SONYA: No, because a lot of a lot of the homes we work in are the size of a small business. They have staff or they have a lot of movement with people and things. There are many little pots of life, a community, and when you enter into the professional world, it’s really the same. It’s a CEO, and a suite of people around it. And then the ripples of the organization. I’m not talking about going and working at IBM, I’m talking about family run multigenerational privately held companies, because they have the same feeling of being small or as homes, not necessarily small but homes.

THOMASINA: We call them enterprises, lots of moving parts to this one ecosystem. 

SONYA: Yes, I call them complex lives.

THOMASINA: [laughs] Yeah, that would fit.

SONYA: Yeah, because they’re not all the same. Some are the Warren Buffett type who don’t want to put their wealth into fine art, necessarily, and there are others whose wealth was the acquisition of old art, and they own museum wings. And then there’s others who put their money into their clothing and their handbags and their shoes, and others who just buy real estate.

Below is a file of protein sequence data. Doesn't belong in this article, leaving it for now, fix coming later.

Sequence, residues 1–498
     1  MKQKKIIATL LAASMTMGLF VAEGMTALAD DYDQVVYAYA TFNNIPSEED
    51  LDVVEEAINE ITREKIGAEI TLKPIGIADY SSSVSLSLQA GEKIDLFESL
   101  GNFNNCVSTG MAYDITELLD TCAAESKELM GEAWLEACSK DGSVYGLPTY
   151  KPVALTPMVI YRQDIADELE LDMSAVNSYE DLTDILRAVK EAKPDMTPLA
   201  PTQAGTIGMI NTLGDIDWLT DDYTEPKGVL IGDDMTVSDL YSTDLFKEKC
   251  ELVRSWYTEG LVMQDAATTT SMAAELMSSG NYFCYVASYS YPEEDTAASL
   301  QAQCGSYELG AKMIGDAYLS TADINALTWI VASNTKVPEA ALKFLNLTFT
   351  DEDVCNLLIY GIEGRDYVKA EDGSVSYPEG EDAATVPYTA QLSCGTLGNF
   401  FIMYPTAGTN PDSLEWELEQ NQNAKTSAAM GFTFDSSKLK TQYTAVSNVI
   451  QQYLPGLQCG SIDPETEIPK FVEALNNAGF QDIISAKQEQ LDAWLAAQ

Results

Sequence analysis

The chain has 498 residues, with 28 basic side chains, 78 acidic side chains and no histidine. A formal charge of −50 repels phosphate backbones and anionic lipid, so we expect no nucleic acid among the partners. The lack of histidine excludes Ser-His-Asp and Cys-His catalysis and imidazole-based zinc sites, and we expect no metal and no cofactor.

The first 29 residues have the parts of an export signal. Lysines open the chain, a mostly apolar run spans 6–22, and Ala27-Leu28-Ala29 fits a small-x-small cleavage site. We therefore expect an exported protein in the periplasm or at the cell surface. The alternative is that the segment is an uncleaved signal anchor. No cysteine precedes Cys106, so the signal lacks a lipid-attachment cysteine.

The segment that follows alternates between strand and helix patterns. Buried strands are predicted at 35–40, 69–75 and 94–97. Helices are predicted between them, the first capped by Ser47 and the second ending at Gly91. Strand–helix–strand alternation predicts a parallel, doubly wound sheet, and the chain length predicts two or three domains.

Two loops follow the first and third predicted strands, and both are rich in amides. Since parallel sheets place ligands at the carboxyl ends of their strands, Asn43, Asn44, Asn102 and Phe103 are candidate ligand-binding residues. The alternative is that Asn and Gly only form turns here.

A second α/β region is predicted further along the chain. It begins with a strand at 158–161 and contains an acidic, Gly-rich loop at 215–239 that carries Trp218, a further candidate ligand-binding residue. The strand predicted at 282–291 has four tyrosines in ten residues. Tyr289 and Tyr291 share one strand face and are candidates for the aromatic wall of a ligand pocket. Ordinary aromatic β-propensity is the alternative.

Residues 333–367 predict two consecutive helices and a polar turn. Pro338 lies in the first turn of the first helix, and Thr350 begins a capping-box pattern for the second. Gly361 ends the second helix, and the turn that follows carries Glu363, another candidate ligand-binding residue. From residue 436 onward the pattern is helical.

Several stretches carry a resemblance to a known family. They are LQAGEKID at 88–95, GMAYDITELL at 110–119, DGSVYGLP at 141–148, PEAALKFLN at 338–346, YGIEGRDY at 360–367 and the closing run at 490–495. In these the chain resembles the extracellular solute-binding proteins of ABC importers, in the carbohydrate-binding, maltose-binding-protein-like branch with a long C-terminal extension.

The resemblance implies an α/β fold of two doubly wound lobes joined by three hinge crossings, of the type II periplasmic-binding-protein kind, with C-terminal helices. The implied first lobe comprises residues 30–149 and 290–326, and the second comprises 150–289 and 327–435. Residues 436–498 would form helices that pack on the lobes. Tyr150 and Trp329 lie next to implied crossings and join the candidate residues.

THOMASINA: So you cover the waterfront, whatever they need, when it involves dealing with the personal assets, whether they are simply relocating to a different home or maybe even buying a new home, whether they are downsizing, whether there is an estate that needs to be wound up, or a business that’s going through a generational transition.

SONYA: Exactly, because when the business is doing a succession or merger and acquisition, it’s like a retirement downsize. When the family says, “I want to move closer to the grandkids,” that means we’re selling our home, we’re deacqusitioning a bunch of items, and we’ve got to logistically get somewhere else. And we surely don’t know how to begin. We don’t know what vendors to pull in. We don’t know who to trust. We don’t know what the timeline should be. Some people come to me and I just answered the phone Monday for someone who says, “My mom passed away and I’ve got a 12-room apartment that’s been sold. And I need to have it empty by September 1.” I’m like, “Yeah, that’s really not purposely planned.” That’s not a good scenario and that’s not ideal. That level of anxiety and stress, it’s doable, but it’s not fun for anyone. And it doesn’t need to be that way.